Having covered the general principles of a strategic business plan to attract lenders, and offered tips on what banks and mezzanine lenders will be looking for, I’m going to move on to venture capitalists (VCs). When is venture capital the best source of funding, and how do you obtain it?
What sort of companies need venture capital?
Venture capital is a very important source of funding for start-ups or small companies wishing to expand that do not have access to capital markets. Investors will provide money to such businesses if they have perceived long-term growth potential. VCs usually expect higher returns for the additional risks they are taking.
Venture capital can also include managerial and technical expertise. Most venture capital comes from a group of wealthy investors, investment banks and other financial institutions that pool such investments or partnerships. The downside for entrepreneurs is that VCs usually get a say in company decisions, as well as a portion of the equity.
What do venture capitalist investors look for in a strategic business plan?
The answer can be expressed in just two words: exponential scalability. Your business plan must show specifically how that future growth is going to happen. For most VCs, just projecting 20% growth is not enough. They will want to know how your company will scale to 100 times its size so that they can receive a 10 to 20 times return on their money.
If your business involves intellectual property, this can help you to secure VC financing. Venture capitalists are looking for businesses that have a sustainable competitive advantage, primarily based on intellectual property.
A negotiation point to remember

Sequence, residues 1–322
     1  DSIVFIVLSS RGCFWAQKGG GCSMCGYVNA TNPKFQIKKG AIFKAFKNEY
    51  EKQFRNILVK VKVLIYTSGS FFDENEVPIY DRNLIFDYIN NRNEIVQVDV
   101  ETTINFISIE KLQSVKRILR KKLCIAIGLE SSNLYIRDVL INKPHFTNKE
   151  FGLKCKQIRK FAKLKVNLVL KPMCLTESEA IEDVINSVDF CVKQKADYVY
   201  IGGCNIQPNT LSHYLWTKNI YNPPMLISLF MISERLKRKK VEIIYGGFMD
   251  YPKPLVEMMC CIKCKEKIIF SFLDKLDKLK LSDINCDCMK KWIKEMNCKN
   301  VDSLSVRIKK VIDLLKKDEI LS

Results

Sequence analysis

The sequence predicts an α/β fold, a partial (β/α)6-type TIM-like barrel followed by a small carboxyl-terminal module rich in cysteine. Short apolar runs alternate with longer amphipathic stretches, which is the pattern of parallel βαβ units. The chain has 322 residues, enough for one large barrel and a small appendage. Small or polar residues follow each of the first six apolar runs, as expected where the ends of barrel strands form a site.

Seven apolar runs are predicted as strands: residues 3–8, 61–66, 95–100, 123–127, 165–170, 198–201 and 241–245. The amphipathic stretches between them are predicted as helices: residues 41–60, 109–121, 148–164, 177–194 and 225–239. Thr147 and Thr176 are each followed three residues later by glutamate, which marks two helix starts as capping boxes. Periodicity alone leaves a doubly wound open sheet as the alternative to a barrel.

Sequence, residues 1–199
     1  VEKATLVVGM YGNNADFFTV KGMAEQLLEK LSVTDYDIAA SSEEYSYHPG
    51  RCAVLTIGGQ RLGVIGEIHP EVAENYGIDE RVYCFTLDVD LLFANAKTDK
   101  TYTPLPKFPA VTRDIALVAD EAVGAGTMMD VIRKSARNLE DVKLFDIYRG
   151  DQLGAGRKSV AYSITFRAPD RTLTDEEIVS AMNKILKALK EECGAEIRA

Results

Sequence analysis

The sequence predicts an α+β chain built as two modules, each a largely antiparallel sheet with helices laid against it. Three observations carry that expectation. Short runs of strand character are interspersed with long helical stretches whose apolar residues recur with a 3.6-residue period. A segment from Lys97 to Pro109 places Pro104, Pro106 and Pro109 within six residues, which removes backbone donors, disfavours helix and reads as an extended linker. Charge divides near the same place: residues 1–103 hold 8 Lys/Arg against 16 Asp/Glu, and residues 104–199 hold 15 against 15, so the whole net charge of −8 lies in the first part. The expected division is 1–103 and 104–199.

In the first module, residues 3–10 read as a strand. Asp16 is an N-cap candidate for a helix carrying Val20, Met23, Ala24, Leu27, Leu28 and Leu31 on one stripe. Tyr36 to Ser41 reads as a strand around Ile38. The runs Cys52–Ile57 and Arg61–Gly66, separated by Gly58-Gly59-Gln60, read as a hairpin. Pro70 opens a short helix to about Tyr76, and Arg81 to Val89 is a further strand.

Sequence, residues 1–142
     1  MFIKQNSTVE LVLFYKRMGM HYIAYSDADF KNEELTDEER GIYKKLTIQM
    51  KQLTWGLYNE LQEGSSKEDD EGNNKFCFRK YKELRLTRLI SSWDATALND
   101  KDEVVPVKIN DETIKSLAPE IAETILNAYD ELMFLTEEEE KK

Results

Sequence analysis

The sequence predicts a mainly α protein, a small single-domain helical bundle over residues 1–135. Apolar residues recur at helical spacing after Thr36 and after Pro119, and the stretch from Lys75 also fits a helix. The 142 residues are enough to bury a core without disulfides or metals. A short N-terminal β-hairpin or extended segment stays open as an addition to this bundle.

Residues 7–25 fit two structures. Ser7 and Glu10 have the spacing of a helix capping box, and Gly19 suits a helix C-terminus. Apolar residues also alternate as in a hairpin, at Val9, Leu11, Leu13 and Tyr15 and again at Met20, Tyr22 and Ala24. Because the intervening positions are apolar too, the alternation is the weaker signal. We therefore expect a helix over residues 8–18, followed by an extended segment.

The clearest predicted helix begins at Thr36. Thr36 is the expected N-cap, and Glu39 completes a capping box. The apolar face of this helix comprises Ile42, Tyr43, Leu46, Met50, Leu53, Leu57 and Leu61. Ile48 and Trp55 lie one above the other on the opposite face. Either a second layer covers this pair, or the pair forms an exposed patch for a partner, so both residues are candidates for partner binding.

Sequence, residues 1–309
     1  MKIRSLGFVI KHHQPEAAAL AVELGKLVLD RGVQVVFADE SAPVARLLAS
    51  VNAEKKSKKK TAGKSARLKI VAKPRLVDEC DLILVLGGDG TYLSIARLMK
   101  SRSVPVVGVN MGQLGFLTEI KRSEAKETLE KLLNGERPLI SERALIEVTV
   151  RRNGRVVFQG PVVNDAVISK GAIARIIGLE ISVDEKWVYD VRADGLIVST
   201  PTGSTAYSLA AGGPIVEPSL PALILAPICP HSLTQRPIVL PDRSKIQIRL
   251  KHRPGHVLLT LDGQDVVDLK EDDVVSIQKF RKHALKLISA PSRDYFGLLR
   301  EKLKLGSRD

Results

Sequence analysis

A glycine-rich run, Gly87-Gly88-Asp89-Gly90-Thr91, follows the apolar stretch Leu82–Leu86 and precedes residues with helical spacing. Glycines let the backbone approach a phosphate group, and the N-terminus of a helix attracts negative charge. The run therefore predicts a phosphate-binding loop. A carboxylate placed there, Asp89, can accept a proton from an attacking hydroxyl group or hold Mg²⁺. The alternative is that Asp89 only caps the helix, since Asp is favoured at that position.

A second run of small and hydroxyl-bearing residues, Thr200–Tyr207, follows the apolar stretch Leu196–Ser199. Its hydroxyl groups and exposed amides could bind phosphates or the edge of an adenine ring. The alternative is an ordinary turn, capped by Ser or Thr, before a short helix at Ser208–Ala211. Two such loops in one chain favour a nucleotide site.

When you are negotiating the final venture capital transaction, be sure to negotiate an equity earn-back. This will return the equity you gave up based on the VC’s sceptical evaluation of your future performance. If they believe you are going to hit half the performance in your business plan and price their transaction return accordingly, and if you then hit your plan, they will have received twice as much return as they expected. This is not fair; they need to return the equity they took based on their scepticism.
Venture capitalists vs angel investors
Angel investors also provide financial backing for small start-ups or entrepreneurs, so they are worth mentioning here despite the fact that they are essentially the exact opposite of venture capitalists.
Angel investors are usually found among an entrepreneur’s circle of family and friends. They may provide a one-time injection of seed money, or ongoing support to carry the company through difficult times. Because they are usually investing in the person rather than the viability of the business, they give more favourable terms than other lenders. They are focused on helping the business succeed, rather than reaping a huge profit from their investment.
Next time, I’m going to talk about what you should do differently in your business plan if you have an early-stage company, whatever type of lender you are approaching. Meanwhile, please email me or call me on 020 7099 2621 if you would like further information or advice about venture capital or other funding options, or about strategic business plans.